Insights from God in regard to puppies, watches, and technical problems.

As a teenager, my father told me about an answered prayer. As a watchmaker, he misplaced a tiny part while he was cleaning a watch. Frustrated after a long search, he paused for a minute and prayed. He told me that his hand moved across the desk and lifted a small cover, and the missing part was under the cover!

A couple weeks ago, I was frustrated and depressed after working hard for three days on a technical problem in my field of work. In early evening, I exited my swivel chair, knelt down on one knee, and prayed: “Lord, please give me an insight here. I am missing something about this analysis. And I sincerely request your help”.

My prayer lasted no more than a minute. I returned to the chair and the laptop and my intense thinking. Slowly a seed of a thought entered my mind, but from an unexpected angle. It was a slow Aha! not a fast one, as I pushed and pulled on it with my brain muscle.

After about thirty minutes, I concluded it was indeed a novel insight that I and my fellow engineers had overlooked. Feeling a little excited, I called my business partner who had worked on the project. “It does sound like a brainwave” was his admission. The insight changed some things considerably and made the analysis more understandable. Smiling on the inside, I felt relieved and happy, and at the end of the evening knelt again to say “Lord, thank you, thank you, thank you”. This was a direct insight from God, I have no question.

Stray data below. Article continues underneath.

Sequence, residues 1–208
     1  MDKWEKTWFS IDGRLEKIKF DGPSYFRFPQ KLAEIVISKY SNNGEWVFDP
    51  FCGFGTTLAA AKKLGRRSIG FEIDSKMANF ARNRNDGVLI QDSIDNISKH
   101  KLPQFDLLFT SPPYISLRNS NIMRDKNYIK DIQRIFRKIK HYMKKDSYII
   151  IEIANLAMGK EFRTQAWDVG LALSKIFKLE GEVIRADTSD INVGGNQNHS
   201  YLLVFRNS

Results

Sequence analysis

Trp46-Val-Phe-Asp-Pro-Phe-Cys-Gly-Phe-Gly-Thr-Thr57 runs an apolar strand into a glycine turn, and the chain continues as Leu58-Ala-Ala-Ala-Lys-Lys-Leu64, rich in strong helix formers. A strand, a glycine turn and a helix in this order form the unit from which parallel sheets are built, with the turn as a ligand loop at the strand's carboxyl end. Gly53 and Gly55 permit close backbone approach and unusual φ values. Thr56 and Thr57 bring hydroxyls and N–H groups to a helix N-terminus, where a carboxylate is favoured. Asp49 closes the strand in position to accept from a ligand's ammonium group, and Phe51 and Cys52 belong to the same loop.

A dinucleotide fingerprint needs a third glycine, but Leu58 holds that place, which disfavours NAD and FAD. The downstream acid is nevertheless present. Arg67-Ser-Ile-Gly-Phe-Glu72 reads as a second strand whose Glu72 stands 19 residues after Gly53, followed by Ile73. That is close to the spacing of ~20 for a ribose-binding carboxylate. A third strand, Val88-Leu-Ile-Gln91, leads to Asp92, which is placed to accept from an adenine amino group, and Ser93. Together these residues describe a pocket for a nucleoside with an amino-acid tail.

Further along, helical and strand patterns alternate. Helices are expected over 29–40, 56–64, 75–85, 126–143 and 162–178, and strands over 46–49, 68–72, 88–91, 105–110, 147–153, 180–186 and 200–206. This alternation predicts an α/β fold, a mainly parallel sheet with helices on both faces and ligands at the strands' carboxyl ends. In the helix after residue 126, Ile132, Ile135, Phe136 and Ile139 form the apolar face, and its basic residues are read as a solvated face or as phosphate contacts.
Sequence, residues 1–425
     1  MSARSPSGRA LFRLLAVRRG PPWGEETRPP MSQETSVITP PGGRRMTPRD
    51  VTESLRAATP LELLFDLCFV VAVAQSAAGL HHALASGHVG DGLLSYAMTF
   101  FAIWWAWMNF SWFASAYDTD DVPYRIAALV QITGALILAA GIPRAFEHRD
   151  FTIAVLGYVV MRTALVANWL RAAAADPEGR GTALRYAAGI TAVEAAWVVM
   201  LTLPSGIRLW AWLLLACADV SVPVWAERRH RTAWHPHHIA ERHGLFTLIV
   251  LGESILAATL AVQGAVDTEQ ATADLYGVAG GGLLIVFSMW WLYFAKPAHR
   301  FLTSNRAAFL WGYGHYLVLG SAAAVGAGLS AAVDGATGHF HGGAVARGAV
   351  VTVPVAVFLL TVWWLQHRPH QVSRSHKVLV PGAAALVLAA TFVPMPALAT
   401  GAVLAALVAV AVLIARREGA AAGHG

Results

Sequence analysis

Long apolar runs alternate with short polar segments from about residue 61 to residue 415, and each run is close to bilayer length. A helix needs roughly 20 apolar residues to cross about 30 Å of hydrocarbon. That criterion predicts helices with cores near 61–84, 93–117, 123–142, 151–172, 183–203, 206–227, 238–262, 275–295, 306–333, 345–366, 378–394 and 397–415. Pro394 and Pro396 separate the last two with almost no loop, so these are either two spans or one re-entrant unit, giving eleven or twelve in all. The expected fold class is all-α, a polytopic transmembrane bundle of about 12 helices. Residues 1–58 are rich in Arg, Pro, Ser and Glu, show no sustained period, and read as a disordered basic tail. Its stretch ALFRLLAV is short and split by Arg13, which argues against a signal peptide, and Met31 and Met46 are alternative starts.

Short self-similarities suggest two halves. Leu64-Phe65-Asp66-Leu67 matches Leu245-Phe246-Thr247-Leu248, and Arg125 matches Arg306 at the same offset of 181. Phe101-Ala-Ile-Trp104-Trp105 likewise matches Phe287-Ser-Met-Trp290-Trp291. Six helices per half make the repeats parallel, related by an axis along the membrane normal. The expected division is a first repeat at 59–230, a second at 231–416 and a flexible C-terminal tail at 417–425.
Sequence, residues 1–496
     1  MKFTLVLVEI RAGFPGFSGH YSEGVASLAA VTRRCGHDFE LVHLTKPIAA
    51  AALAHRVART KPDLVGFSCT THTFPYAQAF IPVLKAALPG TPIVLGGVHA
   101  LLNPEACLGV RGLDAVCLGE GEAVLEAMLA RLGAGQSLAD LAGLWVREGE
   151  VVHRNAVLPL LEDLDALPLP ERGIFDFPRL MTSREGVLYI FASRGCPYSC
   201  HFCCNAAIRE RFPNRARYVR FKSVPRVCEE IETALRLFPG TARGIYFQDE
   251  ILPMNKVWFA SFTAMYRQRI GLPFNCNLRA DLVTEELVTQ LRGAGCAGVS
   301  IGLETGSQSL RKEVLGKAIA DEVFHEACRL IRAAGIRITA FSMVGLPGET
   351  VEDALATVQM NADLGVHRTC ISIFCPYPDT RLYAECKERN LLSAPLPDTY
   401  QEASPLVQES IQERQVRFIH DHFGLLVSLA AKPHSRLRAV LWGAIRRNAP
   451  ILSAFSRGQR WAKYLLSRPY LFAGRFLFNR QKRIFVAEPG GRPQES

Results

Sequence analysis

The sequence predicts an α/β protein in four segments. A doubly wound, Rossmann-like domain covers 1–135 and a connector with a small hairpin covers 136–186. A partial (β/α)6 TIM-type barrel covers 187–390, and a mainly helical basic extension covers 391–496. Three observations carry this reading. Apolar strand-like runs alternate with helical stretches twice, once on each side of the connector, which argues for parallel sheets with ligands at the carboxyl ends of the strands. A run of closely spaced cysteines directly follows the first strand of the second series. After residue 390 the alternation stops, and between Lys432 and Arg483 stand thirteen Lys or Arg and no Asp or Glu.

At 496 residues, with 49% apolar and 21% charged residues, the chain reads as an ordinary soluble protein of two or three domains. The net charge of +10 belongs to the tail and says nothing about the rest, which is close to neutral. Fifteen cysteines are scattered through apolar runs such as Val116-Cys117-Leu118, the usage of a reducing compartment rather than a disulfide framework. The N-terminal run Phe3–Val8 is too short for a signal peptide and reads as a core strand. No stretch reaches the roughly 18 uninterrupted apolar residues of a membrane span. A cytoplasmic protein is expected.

Although such direct answers to prayer are rare in my experience, the fact that they do occur encourages us to ask God for them. I think the request needs to be specific. It can come out of desperation: “Lord, save me” yelled Peter as he was sinking beneath the waves*. Or it may be less dramatic, but still important to us in regard to family members, friends, work, health, or whatever.

Bindi was the name of a little min-pin dog I owned years ago (Bindi means “little girl” in aboriginal Australian). Soon after we bought her as a puppy, she came down with distemper, which is often fatal. My wife prayed urgently that the Lord would heal Bindi. Although I was a bit surprised at the directness of her prayer, I agreed to watch over Bindi later that day when my wife had to be away.

I will never forget that little puppy, as sick as she was, struggling to get to the litter box….in her puppy brain she was still trying to do what she knew was right. A few hours later, when my wife returned home, Bindi was much better, and she added happiness to our family for fourteen more years. From this experience I learned not to let my human thinking limit my prayers to God my father.

The Gray Nomad.
Probing the practice of Christian believers….

*“ But when he perceived and felt the strong wind, he was frightened, and as he began to sink, he cried out, Lord, save me [from death]! Instantly Jesus reached out His hand and caught and held him”. (Matthew, chapter 14, Amplified Bible).

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14 comments on “Insights from God in regard to puppies, watches, and technical problems.”

  1. Lynn Burt says:

    I really enjoyed this. God does care about small problems in our lives as much as the big ones. He just wants to be part of our lives everyday. Thanks for posting this as I needed it today. Please pray for Elmer Madden and his son Brian. Elmer found his daugher Debbie dead yesterday. He lost his wife about two years ago. They really need God’s peace.

    1. IanPalmer says:

      Lynn, I appreciate your words “God just wants to be part of our lives everyday”. This concept can be hard to understand. I think the Bible says somewhere that we are created for God’s pleasure”. I made a note to pray for your friends. Thanks for sharing.

  2. Marie says:

    Thanks again Ian. I have asked God for help so many many times. I always feel bad when a prayer is answered in the future but I have forgotten I asked for help and forgotten to thank God. He is always there to answer but sometimes we get impatient. It is wonderful to know we have a wonderful God to ask to help us. God be with you.